Dismiss Notice
Join Physics Forums Today!
The friendliest, high quality science and math community on the planet! Everyone who loves science is here!

Joint probability distr. of 2 non-independent variables given only marginal distr.

  1. Dec 12, 2011 #1
    Hi,
    This is my first post in one of these forum; I hope someone can help me with this --thanks in advance for reading!

    I'm trying to find the joint probability distribution of two non-independent variables given only their marginal distributions. In fact, I'm interested in the joint distribution of two random variables X and Y, both of which are related to transformations of the same (normally distributed) random variable Z. More specifically, I want f(X,Y)=Pr[X=x,Y=y], given that I know:
    • X=Z+u
    • Y=exp(Z)
    • Where Z~N(0,1), u~N(0,1) and COV(Z,u)=0
    I know the problem would be trivial if Y was a linear transformation, because the joint would simply be a multivariate normal distribution (i.e. N~(0,Ʃ), where the covariance matrix Ʃ could be expressed in terms of VAR[Z]). In my case the problem is trickier because it involves the joint of a normal and a log-normal distribution.

    I hope it makes sense. Any help or hints (also to express the problem more clearly) are very much appreciated.


    Thanks!
     
  2. jcsd
  3. Dec 12, 2011 #2

    mathman

    User Avatar
    Science Advisor
    Gold Member

    Re: Joint probability distr. of 2 non-independent variables given only marginal distr

    Is u a random variable or a constant? It makes a big difference!
     
  4. Dec 12, 2011 #3

    Stephen Tashi

    User Avatar
    Science Advisor

    Re: Joint probability distr. of 2 non-independent variables given only marginal distr

    Other questions:

    Is u independent of Z or do you only know COV(Z,u) = 0 ?

    It's clear you can get an answer by a Monte-Carlo simulation. Are you looking for deerministic numerical methods to get an answer? Or are you only interested in a symbolic expression for the joint density of X and Y.

    Do you actually need the joint density or are you only after certain moments of the joint density, like COV(X,Y)?
     
  5. Dec 13, 2011 #4
    Re: Joint probability distr. of 2 non-independent variables given only marginal distr

    Thanks for this. In response to your questions:
    • u is a random variable: u~N(0,1)
    • u is independent from Z (it's an independent error term in signal X)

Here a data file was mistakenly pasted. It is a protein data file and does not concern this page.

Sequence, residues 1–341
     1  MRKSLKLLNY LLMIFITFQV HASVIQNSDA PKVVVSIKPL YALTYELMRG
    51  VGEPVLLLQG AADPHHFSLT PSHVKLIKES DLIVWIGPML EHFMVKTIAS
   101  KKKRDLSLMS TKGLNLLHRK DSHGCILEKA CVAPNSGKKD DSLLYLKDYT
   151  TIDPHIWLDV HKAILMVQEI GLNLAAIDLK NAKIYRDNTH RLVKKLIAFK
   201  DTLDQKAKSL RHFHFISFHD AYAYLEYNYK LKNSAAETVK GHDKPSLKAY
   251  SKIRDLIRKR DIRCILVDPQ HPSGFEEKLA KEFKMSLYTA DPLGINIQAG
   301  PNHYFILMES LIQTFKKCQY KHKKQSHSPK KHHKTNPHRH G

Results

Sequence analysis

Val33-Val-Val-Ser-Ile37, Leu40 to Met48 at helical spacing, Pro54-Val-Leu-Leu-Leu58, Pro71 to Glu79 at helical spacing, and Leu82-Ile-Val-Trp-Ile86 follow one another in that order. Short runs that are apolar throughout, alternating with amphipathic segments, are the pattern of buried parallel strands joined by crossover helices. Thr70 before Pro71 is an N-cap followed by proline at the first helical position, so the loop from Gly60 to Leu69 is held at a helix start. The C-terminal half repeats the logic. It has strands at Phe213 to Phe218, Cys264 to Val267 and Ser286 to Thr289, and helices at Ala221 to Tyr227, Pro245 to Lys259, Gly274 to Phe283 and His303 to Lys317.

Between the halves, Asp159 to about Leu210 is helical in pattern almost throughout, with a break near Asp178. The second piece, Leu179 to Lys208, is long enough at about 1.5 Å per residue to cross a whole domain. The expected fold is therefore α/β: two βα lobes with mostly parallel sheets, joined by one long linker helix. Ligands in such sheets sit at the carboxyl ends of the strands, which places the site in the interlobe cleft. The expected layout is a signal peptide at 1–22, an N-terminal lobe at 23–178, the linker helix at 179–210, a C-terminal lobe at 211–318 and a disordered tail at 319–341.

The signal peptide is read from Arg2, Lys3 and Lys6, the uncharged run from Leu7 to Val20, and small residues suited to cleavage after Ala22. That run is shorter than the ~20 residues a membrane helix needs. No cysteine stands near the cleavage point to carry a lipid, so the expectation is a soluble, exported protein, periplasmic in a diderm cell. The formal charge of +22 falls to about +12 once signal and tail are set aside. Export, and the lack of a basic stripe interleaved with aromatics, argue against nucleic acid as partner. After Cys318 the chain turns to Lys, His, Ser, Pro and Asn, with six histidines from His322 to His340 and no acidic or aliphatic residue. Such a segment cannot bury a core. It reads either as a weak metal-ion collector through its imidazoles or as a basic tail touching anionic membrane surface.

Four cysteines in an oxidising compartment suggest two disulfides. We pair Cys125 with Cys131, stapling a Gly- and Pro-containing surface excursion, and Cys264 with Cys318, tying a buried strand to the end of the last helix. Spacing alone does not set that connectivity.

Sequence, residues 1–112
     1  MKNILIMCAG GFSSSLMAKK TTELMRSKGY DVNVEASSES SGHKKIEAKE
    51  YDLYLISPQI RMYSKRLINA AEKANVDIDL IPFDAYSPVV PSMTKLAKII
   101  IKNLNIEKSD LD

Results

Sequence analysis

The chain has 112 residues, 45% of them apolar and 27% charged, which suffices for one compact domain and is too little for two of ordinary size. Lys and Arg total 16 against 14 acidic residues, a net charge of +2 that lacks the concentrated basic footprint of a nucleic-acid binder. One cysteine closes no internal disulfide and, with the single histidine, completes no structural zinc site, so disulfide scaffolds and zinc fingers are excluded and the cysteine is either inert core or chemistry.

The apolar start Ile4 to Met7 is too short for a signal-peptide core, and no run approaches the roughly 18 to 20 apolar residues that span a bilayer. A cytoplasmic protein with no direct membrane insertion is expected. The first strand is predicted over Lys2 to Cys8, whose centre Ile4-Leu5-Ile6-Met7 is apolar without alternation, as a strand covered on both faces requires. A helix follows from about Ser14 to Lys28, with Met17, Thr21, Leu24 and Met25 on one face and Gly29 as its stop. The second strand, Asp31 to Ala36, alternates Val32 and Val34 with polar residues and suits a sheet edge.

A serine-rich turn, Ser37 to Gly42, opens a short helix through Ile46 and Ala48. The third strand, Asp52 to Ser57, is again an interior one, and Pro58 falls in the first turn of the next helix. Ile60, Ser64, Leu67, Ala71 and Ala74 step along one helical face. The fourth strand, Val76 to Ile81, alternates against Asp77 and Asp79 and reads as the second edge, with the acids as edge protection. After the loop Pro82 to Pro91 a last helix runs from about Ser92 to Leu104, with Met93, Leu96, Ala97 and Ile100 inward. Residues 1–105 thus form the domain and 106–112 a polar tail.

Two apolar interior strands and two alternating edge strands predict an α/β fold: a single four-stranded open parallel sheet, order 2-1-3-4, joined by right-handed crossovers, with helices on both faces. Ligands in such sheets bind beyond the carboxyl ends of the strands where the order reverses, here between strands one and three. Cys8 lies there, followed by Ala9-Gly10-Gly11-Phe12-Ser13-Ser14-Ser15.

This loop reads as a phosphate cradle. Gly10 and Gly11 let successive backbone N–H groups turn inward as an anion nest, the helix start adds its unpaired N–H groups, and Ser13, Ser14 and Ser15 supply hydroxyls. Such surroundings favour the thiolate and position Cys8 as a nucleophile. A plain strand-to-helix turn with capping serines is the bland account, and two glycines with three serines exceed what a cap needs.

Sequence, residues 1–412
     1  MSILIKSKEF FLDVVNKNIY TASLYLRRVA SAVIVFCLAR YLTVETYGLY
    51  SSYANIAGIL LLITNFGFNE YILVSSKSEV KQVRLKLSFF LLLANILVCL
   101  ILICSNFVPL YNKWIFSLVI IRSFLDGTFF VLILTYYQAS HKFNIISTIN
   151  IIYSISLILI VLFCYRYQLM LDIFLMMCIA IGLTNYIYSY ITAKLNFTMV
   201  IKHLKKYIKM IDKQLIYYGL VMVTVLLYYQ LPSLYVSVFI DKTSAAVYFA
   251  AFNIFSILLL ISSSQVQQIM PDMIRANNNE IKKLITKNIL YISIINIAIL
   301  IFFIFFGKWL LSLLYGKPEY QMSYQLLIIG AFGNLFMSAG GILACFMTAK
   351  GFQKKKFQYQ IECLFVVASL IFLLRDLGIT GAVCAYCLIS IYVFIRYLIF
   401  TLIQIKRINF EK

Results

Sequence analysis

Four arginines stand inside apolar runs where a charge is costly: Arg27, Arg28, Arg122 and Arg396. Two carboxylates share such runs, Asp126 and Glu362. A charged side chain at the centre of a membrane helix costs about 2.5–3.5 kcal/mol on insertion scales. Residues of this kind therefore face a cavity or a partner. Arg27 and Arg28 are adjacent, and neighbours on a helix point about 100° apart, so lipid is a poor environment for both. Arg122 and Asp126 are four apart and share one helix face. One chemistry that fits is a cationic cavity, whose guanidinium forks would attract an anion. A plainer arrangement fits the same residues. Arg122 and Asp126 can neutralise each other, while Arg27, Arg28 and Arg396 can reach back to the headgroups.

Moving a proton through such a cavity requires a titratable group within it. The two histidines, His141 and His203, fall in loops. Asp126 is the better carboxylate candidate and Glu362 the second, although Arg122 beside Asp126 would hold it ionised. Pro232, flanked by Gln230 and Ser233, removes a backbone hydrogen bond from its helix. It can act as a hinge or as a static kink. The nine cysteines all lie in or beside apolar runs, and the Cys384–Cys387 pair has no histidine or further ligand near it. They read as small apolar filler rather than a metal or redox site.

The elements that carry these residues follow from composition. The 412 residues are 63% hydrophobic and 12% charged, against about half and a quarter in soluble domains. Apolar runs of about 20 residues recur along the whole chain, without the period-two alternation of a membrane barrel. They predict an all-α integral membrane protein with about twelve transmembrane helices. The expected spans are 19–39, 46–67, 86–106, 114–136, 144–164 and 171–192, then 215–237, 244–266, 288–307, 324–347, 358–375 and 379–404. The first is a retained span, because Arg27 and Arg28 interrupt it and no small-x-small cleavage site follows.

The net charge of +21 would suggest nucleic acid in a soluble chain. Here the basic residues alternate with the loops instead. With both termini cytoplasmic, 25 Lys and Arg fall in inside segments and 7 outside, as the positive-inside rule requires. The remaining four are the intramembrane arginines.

Now, with respect to what I'm really looking for, I actually want a solution to E[Z| X>c] where c is a constant. In other words, I need the expected value of the truncated bivariate distribution, in terms of "c". Ideally I would like to get a symbolic expression, but if it's not possible, I could work with a numerical solution.

    Thanks again.
     
  6. Dec 14, 2011 #5

    Stephen Tashi

    User Avatar
    Science Advisor

    Re: Joint probability distr. of 2 non-independent variables given only marginal distr

    I don't know which bivariate distribution you are referring to. Z is univariate isn't it?

    Can we compute E[Z| X > c] by conditioning on two cases: Z >= c and Z < c ?

    Let [itex] \phi [/itex] be the density of n(0,1).

    E[Z | Z >=c] is proportional to [itex] \int_{c}^{\infty} z \phi(z) dz [/itex]

    E[ Z | (Z < c) & (X > c)] = E[Z | ( c-1 < Z < c) & (u >= c-Z)]
    My intuitive guess is that this is proportional to
    [tex] \int_{c-1}^c (z + \frac{1-(z-c)}{2}) \phi(z) dx [/tex]

    (I'm guessing that we can account for the conditional expectation of the uniform distribution by adding the term [itex] \frac{1-(z-c)}{2} [/itex] )
     
  7. Dec 19, 2011 #6
    Re: Joint probability distr. of 2 non-independent variables given only marginal distr

    I'm really sorry; I made a mistake... I meant the expectation of the lognormal (*Y*) conditional on the normal: E[Y| X>c]. But yes, Y is not bivariate.
    In any case, I understand your reasoning and splitting the analytical solution by cases is the best way around it.
    Thanks
     
Know someone interested in this topic? Share this thread via Reddit, Google+, Twitter, or Facebook